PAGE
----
After disappearing under the movie radar for a year, the Chinese actress, last seen in The Banquet, now stars in a new mystery thriller.
IT has been a year since moviegoers have seen China-born actress Zhou Xun on the big screen. After her last outing in last year’s period epic The Banquet, starring opposite fellow Chinese actress Zhang Ziyi and Hong Kong-based actor Daniel Wu, she took a break from films to recharge. The 30-year-old is back in action, acting in a mystery thriller Li Mi De Zao Yu (Li Mi’s Encounters).
Zhou Xun on her character in The Banquet: ‘In her era, she could not choose how to live her life. I’m glad that I have a choice.’ In the indie directed by newcomer Cao Baoping, she plays a cabby whose boyfriend goes missing, only to realise that he is a drug trafficker.
Over the phone from the set in Yunnan, China, recently, Zhou’s deep, sonorous voice is clear and bright. “The title of Li Mi’s Encounters intrigued me – what kind of encounters did she have? That made me want to go back to the movies.” The year’s hiatus has not been really a holiday, she laments. For the past year, besides reading scripts, Zhou, one of China’s hottest actresses, has also travelled to cities such as Barcelona and Paris for fashion events and magazine shoots.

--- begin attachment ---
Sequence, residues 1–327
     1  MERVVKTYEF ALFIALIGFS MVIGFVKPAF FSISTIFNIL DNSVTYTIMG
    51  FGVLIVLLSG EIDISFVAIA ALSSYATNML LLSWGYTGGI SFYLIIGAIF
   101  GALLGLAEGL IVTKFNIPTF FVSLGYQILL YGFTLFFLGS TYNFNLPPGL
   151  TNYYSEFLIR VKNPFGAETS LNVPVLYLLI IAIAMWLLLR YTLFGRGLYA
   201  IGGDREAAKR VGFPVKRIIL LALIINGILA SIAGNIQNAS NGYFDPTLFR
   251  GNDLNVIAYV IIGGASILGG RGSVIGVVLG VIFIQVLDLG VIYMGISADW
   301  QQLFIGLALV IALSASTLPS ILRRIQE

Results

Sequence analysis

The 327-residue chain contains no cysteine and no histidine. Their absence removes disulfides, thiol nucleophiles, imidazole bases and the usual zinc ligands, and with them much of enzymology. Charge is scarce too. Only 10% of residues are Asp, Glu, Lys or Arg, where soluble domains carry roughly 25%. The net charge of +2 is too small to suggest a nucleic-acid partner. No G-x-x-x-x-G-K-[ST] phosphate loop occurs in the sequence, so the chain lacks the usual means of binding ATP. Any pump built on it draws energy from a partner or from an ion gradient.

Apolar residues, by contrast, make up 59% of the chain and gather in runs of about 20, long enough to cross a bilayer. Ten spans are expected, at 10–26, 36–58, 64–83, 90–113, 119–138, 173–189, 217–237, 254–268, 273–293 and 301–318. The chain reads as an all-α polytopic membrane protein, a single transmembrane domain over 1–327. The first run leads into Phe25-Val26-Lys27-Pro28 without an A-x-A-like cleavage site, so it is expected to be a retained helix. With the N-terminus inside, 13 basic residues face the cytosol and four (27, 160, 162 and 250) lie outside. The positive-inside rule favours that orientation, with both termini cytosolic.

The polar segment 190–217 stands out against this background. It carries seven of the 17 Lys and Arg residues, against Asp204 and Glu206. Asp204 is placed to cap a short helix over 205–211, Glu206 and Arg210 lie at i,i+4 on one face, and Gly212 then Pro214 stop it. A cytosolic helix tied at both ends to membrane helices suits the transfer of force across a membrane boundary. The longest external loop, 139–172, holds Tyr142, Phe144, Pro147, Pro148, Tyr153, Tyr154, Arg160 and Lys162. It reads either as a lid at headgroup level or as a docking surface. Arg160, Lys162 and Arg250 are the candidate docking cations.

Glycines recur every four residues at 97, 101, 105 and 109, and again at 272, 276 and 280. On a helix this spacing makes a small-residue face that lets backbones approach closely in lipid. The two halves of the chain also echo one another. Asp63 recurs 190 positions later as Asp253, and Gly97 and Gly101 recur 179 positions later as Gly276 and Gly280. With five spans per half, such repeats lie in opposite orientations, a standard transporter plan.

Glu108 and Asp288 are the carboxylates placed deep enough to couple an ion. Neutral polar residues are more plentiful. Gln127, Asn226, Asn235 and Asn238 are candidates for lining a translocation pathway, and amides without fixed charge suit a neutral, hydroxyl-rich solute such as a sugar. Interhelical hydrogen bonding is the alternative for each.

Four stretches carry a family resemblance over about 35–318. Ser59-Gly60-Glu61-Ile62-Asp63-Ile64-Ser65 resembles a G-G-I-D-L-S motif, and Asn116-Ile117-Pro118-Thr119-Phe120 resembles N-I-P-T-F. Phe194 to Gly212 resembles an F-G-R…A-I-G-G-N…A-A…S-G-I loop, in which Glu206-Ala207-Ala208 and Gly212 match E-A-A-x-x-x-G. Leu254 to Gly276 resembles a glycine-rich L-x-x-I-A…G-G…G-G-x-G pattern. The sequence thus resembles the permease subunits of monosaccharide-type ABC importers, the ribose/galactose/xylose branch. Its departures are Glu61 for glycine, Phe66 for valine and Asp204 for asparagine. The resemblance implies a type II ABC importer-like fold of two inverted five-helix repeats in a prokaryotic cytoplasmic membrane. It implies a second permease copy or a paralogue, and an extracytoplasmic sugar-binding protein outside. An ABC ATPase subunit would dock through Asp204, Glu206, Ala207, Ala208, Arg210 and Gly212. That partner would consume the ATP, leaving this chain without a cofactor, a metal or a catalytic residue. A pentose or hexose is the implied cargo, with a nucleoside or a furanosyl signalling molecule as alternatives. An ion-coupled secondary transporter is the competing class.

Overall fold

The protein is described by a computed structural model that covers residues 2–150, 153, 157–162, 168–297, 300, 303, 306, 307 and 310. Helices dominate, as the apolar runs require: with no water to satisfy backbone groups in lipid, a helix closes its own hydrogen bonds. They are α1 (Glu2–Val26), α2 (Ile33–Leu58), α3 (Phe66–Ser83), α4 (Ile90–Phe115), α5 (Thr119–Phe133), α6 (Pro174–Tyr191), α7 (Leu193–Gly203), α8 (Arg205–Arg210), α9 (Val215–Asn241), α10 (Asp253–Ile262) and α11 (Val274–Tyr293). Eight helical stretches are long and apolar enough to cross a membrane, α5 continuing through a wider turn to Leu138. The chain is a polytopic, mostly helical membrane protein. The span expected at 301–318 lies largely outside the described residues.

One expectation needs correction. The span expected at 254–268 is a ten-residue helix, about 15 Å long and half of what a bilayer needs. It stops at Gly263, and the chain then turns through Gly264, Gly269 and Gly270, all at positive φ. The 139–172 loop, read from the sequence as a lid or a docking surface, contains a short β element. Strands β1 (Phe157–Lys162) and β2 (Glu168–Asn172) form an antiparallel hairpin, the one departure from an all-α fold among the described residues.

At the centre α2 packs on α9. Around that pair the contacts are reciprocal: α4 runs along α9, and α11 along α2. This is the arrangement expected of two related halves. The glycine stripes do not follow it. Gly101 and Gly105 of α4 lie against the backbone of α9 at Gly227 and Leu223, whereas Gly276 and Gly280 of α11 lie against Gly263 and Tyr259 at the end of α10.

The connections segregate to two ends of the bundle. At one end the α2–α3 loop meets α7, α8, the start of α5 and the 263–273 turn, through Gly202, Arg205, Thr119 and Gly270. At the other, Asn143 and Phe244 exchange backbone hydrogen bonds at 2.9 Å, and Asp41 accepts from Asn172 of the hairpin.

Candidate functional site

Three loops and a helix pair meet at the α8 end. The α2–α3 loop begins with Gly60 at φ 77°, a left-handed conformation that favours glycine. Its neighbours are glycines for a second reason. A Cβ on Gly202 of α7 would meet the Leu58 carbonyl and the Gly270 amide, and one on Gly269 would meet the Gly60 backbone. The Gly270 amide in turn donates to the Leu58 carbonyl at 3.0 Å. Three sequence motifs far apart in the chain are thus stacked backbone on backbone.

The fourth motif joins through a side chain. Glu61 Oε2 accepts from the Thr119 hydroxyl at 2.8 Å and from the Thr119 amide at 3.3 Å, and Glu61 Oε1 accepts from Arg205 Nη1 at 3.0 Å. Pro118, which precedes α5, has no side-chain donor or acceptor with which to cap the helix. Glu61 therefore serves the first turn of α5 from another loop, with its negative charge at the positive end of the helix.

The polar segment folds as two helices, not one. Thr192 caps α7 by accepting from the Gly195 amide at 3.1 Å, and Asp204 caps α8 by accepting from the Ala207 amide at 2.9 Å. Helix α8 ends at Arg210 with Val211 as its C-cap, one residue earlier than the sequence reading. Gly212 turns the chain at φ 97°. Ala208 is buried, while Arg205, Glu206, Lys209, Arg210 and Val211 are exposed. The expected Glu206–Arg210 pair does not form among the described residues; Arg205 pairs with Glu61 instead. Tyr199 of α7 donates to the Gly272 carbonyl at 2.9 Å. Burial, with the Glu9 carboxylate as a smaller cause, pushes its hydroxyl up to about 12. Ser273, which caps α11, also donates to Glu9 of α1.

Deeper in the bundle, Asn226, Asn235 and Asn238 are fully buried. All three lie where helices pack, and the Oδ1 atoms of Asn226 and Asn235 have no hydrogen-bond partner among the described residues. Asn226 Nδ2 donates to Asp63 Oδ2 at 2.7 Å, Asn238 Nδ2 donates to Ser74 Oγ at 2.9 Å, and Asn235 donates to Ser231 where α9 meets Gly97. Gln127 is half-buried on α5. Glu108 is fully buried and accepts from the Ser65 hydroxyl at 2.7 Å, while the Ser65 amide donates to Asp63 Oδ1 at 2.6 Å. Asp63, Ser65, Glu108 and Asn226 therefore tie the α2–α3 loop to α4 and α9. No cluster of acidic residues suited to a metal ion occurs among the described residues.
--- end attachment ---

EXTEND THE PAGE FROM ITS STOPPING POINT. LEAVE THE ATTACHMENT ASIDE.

She remarks: “As an actress, the line between your work and your life is blurred. You are on holiday, but because of the nature of the job, you attract attention.” Because of her frequent travels to Europe, rumours have surfaced that she secretly married her boyfriend of three years, Taiwanese stylist Li Da-chih, 37.
She laughs when you mention that. “The paparazzi love to exaggerate. The funniest one I’ve heard was an elaborate French wedding that I didn’t have,” she says. “To me, reporters are just curious, and want to send their blessings. I’m not too bothered.” For the record, the couple are “getting along very well”, but marriage is not yet on the cards due to their busy schedules. Zhou says: “I value freedom a lot, and I like doing things on a whim. I haven’t thought too much about it.”
Her bohemian personality is a huge contrast from that of her character Qing Nu in The Banquet – the daughter of a palace official who observes social norms to a T, torn between the man she loves and obeying her father’s wishes. Zhou compares herself with Qing: “She is a victim of circumstance. In her era, she could not choose how to live her life. In this day and age, I’m glad that I have a choice.”
Born in Zhejiang, the graduate of Zhejiang Arts Institute made her film debut with Inside an Old Grave (1991), a made-in-China horror movie. However, it was not until she starred in Chinese arthouse director Lou Ye’s film noir Suzhou River (2000) that critics sat up and took notice. Her fame soared in 2002, after she played the spunky heroine Huang Rong of novelist Louis Cha’s wuxia stories in the drama serial Legend of the Condor Heroes. The Chinese media then dubbed her – together with actresses Zhang, Vicki Zhao Wei and Xu Jinglei – as one of the four most promising female stars in the country.
Since then, Zhou has taken on high-profile projects, including Hong Kong musical Perhaps Love (2005), which co-stars Jacky Cheung and Takeshi Kaneshiro, and The Banquet. True to her free-spirited ways, she has no big plans to enter Hollywood, which her peer Zhang has done. “Anything’s fine,” she says nonchalantly. “Be it China, Hollywood or other markets, I don’t mind giving it a try, so long as the script is right.”
By LEE SZE YONG – The Straits Times, Singapore / Asia News Network